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Lives remembered

Aged 74 Somebody to Love White Rabbit, Built This City. Rolling Stone Aged 80 We Aged 93 A West Indian who served in the RAF and remained Aged 95 Colonial News

Paul Kantner

Musician who, as the co-founder and leader of Jefferson Airplane, was one of the principal architects of the “psychedelic” music scene of San Francisco in the late 1960s.

Formed in 1965, the Airplane, as they were known, became central to the burgeoning counterculture scene around the city’s Haight Ashbury district. The band forged a sound characterised by ragged harmonies, shapeshifting melodies and an early embrace of electronic effects. In 1967 their hits

and written by vocalist Grace Slick became anthems of the “Summer of Love”. Airplane were the only group to appear at the three great hippie gatherings of the Sixties – the Monterey Festival, Woodstock and Altamont.

Kantner became embroiled in a relationship with Slick, which resulted in the birth of a daughter, China, in 1971. But drug use and constant bickering, aided by Kantner’s prickly nature, and Slick’s descent into alcoholism, led to an endless cycle of personnel changes.

Kantner, Slick and a shifting group of musicians continued to record as Jefferson Starship, developing a stadium-friendly sound.

In 1984, disillusioned with the group’s commercial sound, Kantner left, prompting a lengthy lawsuit culminating in him promising not to use the names “Jefferson” or “Airplane” without Slick’s consent. In that same year, Starship had their biggest hit ever with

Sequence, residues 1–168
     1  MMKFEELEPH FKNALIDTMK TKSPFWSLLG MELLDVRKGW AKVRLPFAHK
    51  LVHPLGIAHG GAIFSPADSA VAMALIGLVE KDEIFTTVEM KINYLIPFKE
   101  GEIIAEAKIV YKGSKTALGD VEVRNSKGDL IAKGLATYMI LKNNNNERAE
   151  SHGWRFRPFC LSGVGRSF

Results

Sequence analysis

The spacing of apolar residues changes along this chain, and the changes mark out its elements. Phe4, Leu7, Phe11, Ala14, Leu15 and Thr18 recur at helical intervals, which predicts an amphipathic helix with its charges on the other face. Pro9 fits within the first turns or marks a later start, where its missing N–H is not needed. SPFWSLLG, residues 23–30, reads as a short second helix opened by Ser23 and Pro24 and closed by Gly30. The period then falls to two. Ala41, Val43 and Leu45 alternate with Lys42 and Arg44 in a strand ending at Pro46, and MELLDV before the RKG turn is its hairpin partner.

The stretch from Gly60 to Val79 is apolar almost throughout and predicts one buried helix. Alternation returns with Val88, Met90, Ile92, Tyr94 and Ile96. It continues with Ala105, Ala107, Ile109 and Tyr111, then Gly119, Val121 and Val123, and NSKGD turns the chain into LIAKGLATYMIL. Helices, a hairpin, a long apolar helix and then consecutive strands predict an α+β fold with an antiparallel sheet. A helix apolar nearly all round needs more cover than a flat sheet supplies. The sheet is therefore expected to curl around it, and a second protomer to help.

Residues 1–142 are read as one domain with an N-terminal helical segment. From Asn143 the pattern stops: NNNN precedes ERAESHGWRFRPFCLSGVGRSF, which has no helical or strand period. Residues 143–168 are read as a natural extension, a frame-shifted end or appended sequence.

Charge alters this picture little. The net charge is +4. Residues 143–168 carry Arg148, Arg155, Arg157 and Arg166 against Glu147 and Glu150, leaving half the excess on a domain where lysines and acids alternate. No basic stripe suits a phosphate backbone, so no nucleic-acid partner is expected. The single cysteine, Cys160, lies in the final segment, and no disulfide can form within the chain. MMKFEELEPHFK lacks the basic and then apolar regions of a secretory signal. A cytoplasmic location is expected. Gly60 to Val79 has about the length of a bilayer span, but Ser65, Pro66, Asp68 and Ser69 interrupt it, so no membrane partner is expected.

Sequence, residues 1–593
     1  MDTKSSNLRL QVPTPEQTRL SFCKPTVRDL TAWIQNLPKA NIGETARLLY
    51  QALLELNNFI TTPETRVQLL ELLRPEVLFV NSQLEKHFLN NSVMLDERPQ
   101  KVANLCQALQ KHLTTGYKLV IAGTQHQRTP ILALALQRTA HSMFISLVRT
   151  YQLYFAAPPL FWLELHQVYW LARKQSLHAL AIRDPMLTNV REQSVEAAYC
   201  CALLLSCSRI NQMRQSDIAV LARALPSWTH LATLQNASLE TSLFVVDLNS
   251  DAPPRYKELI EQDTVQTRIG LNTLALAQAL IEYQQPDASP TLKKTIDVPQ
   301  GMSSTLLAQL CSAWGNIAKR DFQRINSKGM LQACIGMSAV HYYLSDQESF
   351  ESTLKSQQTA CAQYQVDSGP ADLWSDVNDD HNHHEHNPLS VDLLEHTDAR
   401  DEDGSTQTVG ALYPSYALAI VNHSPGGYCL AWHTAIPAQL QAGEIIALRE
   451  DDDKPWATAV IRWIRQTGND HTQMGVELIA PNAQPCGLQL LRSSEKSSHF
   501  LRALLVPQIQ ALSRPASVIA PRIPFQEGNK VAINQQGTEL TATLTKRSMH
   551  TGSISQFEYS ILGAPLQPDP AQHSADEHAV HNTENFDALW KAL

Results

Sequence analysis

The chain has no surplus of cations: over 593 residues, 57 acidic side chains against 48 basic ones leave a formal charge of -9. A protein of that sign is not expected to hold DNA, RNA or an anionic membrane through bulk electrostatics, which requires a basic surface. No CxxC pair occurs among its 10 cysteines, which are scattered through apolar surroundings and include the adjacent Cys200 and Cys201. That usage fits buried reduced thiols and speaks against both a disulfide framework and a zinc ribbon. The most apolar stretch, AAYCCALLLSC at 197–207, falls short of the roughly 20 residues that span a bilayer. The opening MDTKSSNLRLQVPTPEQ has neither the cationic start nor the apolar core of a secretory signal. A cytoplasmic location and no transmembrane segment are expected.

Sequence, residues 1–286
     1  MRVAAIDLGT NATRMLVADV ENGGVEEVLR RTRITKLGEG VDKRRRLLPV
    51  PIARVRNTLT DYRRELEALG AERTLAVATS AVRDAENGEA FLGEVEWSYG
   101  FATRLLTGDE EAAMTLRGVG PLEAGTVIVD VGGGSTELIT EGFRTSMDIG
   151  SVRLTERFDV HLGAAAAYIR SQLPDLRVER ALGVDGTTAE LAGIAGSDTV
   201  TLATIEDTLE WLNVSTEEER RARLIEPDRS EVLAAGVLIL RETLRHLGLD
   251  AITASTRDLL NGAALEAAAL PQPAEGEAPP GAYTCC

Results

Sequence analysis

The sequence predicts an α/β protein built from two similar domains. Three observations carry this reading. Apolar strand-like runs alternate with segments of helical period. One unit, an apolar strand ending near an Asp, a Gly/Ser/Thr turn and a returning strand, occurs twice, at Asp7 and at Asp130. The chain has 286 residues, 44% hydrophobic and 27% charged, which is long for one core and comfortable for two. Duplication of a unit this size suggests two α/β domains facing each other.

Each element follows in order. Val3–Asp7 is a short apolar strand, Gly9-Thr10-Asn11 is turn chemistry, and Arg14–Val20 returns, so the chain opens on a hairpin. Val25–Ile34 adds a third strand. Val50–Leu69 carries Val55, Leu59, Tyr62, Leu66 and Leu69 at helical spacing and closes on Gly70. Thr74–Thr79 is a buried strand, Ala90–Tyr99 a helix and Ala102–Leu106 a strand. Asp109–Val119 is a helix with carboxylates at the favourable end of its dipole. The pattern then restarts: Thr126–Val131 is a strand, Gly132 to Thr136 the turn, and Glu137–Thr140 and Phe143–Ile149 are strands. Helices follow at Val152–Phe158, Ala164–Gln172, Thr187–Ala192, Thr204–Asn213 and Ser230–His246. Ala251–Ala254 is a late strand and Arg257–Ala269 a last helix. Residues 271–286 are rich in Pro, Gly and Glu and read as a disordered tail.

Readers of voted it the worst record of the 1980s.

In March last year Kantner suffered a heart attack, followed by another one recently.

He is survived by two sons and a daughter.

Lord Roper

A low-profile Labour frontbencher and academic who switched to the SDP, eventually becoming Liberal Democrat chief whip in the Lords.

Previously a Labour defence spokesman, John Roper had substantial input into the fledgling party’s defence policy.

Laurie Phillpotts

in Britain to make a major contribution to ex-servicemen’s organisations.

He enlisted into the RAF in 1943 and sailed for England. After being demobbed in 1947, he moved into printing.

When the Empire Windrush arrived at Tilbury Docks in 1948 carrying many West Indians, he provided help for the new arrivals and formed welfare organisations and sports clubs.

He moved to London and joined the Mirror Newspaper Group. With others he set up the West Indian ex-Servicemen’s Association (later renamed the West Indian Association of Service Personnel).

With his printing experience Phillpotts created in 1956, the UK’s first black weekly newspaper.

He was a prominent campaigner for the erection of the Memorial Gates in London, which commemorate the millions of black Commonwealth servicemen and women who served in the British forces.

He, with his English-born wife Marion, helped pioneer the West Indian Carib Cricket Club, the Caribbean Centre and the Association of Jamaicans.

Gen Sir Peter Whiteley

Officer of the Royal Marines who probably fired some of the last shots of the Second World War, and held three key appointments at the height of the Cold War.

From 1972 to 1975 he was chief of staff at Headquarters Allied Forces Northern Europe (AFNORTH), based at Kolsås outside Oslo.

Whiteley returned to Britain to be commandant general, Royal Marines (1975–77); and upon the death in office of General Sir John Sharp, he was a unanimous choice by the countries concerned to be the commander-inchief Allied Forces Northern Europe.

Earlier, his war service included time on the light cruiser Gambia deployed with the British Pacific Fleet. Whiteley, as the gun direction officer in Gambia, was at the controls when she was attacked by Japanese aircraft just as news of a ceasefire was received, and he could claim to have fired some of the last shots of the war.





Daily Telegraph